Concordia University's expulsion of two student union leaders is radicalizing Zionist and anti-Zionist Montrealers.
Concordia expelled and banned Laith Marouf and Tom Keefer after a supposed scuffle with security guards July 20. The incident occurred after Marouf allegedly spray-painted pro-Palestinian graffiti on the side of a now-demolished building on Concordia property.
The university says its decision "comes as a result of an assault on Concordia University security guards and the uttering of a death threat by one of the individuals," according to a letter on their Website. But according to a statement put out by the Concordia Student Union (CSU), the university rector, Frederick Lowy, made his decision "solely on the basis of statements made by Concordia security guards."
The CSU says the students have been presumed guilty without a fair trial. "We're operating under a system here of guilty until proven innocent," says CSU researcher David Bernans. "Concordia would have had to have proved that Tom and Laith did what they said they did, and it's difficult to do that when you have twelve witnesses saying they were not violent and the security was violent."
Bernans says he doubts the university will make good on its threats to press criminal charges. "The cops did not press charges because they knew it was ridiculous," says Bernans.
"Twelve witnesses say guards are the ones who were being violent. They know there's no chance of going through and convicting Tom and Laith for anything."
It is not clear whether charges could be pressed against Marouf; he says his father is a diplomat, so he has diplomatic immunity.
A joint statement put out by the expelled students accuses the university rector of not following university protocol. "Dr. Lowy, has appointed himself as judge, jury and executioner in this matter," reads the statement. "He has made no attempt to ascertain the facts of what really happened on July 20th, and he is behaving in an unethical, bullying, and illegal fashion.
"As much as we would like to engage in a detailed rebutting of the specific allegations that Mr. Lowy has made against us concerning the events of July 20th, we believe that the most appropriate place for doing so would be at the University's Rights and Responsibilities hearing board or in a court of law, where at least a semblance of fairness and due process are available."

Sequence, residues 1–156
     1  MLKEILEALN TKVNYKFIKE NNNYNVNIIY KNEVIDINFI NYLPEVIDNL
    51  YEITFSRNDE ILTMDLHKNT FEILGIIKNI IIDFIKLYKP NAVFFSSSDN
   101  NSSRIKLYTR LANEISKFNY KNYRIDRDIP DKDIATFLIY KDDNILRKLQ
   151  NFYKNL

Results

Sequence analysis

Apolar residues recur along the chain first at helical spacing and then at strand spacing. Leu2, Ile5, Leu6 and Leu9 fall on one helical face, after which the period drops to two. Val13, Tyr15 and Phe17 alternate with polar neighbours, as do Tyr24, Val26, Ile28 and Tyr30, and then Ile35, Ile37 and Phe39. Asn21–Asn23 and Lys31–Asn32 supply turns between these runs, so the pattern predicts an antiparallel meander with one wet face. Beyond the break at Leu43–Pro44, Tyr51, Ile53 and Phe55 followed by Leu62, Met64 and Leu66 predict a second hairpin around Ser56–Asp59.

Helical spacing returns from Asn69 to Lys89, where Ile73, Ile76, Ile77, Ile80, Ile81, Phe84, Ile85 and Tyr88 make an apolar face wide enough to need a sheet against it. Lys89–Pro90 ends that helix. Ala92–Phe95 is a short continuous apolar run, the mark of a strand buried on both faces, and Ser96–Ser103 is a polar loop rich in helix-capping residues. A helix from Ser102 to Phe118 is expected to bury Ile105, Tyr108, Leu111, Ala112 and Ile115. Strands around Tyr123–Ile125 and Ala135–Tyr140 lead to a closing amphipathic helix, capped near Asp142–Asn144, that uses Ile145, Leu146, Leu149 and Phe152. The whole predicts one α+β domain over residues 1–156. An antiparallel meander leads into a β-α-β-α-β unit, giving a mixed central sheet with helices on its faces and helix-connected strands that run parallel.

The university claims the two were not students when it banned them from university property, since neither was enrolled in courses. But the CSU argues they were students according to the university's code of conduct, which lists three definitions of students. The third definition says students are "persons registered during a preceding academic term." The pair was enrolled last year.
Bernans says the expulsions are just the latest in a series of attempts to repress campus activism at Concordia. He says the Concordia administration denied the student group Solidarity for Palestinian Human Rights (SPHR) the right to use university space for its events, implemented a new policy limiting postering for all Concordia student groups and refused to allow student groups to book a large hall for events.
Both sides have received their respective support. Concordia has received a letter from the executive of the Concordia University Faculty Association and a favourable editorial in the Montreal Gazette. The SPHR, the Canadian Federation of Students - Quebec, Professor Lillian Robinson, chair of Concordia's Simone de Beauvoir Institute, and Noam Chomsky back the two students.
Laith Marouf and Tom Keefer are contesting the expulsion. Supporters are planning more actions to reinstate the students. However, the SPHR postponed a large march titled "End Israeli Colonialism - Unite for Justice" - which was scheduled for September 15 - in light of Tuesday's attacks on the U.S.
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